One of the enduring legacies of the 2012 Presidential campaign was the demise of the white American male voter as a dominant force in the political landscape. On election night, after Obama was announced the winner, a distressed Bill O'Reilly lamented that he didn't live in "a traditional America anymore". He was joined by others who bellowed their grief on the talk radio airwaves, the traditional redoubt of angry white men. Why were they so angry?
Sociologist Michael Kimmel, one of the leading writers on men and masculinity in the world today, has spent hundreds of hours in the company of America's angry white men in pursuit of an answer. Kimmel locates this increase in anger in the seismic economic, social, and political shifts that have so transformed the American landscape. Downward mobility, increased racial and gender equality, and a tenacious clinging to an anachronistic ideology of masculinity has left many men feeling betrayed and bewildered.
Raised to expect unparalleled social and economic privilege, white men are suffering today from what Kimmel calls "aggrieved entitlement": a sense that those benefits that white men believed were their due have been snatched away from them.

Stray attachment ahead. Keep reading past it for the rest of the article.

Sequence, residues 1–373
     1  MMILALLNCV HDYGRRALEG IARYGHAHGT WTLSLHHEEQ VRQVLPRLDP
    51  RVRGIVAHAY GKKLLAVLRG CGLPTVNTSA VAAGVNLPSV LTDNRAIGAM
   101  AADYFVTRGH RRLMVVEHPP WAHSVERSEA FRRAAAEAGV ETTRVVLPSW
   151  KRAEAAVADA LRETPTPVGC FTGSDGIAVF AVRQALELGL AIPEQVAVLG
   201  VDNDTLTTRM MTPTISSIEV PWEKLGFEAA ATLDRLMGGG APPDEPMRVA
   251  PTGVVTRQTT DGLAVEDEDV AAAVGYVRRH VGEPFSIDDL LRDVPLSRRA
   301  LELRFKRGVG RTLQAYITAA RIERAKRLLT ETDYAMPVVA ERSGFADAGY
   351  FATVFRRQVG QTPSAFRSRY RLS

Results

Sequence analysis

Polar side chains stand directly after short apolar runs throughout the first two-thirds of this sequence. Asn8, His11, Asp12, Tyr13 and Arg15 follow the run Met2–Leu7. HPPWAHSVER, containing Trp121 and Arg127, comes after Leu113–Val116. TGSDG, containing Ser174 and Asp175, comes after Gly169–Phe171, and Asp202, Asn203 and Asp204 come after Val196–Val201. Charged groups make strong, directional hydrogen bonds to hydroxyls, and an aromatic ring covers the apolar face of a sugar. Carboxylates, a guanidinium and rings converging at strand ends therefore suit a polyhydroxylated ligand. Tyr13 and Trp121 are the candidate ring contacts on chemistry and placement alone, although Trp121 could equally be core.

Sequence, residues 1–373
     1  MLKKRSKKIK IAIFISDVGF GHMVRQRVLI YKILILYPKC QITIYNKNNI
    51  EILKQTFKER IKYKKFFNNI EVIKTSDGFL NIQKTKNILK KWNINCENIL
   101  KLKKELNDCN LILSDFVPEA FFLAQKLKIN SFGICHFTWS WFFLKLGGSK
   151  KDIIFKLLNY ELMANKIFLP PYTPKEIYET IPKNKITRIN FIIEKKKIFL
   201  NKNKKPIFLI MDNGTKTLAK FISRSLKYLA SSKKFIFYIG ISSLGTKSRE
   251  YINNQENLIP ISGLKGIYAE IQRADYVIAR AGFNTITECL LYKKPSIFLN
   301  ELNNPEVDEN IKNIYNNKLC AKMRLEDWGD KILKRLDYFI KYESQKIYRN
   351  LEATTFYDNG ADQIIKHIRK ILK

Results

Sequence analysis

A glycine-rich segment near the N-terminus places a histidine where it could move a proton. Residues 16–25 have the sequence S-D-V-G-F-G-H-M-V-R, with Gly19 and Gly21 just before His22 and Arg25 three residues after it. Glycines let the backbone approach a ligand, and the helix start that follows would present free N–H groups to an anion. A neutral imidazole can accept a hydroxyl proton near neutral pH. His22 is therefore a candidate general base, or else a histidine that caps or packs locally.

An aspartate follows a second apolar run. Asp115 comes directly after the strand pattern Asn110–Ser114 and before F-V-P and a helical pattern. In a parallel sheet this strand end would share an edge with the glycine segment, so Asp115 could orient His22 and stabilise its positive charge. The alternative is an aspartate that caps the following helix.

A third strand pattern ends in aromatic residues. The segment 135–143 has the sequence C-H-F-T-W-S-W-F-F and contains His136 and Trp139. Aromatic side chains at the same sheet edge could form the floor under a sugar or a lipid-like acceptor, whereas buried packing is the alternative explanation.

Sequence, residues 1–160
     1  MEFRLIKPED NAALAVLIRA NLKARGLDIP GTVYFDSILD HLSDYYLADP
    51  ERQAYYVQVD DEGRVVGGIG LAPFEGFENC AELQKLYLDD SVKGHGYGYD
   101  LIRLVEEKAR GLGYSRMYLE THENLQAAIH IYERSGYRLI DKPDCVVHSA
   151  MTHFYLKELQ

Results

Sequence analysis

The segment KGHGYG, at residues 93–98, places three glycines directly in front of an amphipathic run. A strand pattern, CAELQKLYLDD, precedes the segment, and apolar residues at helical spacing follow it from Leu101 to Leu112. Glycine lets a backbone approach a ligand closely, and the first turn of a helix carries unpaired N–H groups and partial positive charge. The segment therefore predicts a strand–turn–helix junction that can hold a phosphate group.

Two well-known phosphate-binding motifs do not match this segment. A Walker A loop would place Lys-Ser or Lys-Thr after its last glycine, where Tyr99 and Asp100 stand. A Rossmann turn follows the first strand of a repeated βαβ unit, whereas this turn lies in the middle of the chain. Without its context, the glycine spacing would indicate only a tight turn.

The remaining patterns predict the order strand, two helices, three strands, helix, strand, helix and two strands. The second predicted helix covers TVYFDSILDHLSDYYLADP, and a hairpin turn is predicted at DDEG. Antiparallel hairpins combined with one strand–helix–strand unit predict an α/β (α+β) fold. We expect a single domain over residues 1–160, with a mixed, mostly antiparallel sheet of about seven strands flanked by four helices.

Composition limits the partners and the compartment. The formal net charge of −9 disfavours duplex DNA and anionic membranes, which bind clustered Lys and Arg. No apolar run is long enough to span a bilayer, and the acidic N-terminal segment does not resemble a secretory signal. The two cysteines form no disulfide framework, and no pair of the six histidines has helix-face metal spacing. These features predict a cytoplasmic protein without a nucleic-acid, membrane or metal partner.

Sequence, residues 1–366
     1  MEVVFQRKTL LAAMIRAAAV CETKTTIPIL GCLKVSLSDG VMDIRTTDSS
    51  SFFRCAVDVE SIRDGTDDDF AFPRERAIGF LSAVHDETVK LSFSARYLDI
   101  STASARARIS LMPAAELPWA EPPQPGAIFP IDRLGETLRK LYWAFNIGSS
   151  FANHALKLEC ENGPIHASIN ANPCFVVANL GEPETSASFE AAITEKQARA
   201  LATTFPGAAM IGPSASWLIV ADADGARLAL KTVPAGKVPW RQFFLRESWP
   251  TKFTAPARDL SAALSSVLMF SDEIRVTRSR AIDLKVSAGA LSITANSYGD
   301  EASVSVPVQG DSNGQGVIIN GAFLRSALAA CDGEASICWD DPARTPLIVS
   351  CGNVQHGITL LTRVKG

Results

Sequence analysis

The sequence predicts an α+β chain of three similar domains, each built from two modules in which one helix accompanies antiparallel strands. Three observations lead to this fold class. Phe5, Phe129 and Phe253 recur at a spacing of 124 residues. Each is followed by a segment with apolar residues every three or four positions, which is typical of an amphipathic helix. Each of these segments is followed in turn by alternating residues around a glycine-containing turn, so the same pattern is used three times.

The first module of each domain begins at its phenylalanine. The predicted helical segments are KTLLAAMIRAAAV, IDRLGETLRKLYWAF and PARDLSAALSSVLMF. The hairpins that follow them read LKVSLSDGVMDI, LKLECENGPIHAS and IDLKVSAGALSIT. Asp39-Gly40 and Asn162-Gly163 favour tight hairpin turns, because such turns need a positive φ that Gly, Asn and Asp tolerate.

"Kimmel's writing is open and engaging, reminiscent of a conversation with friends in a bar...Another worthwhile examination of important issues affecting men and, by extension, everyone else, from an author known for his insight into the subject." (Kirkus)
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Bloviation with largely anecdotal substantiation
- John Mortimer
it's mostly wrong, and i'm not angry, either.
Sure, why not?
His premises are wrong
Here am I, subject to a quota for medical school in the 1970's
There is, by law, for a long time, equal rights
But it's skewed, and has been a long time
The real frustration is the continued lying by the government, matter not who is in charge
jobs are lost, not replaced
Rush Limbaugh and Glenn Beck are no more off the wall than Rachel Maddow
they are all off the wall!!!
It is excellent at handling violence, both domestic and workplace
made me think about violence, almost never te best way to solve anything
it's a 3. A three is ok once,
- Ira S. Saposnik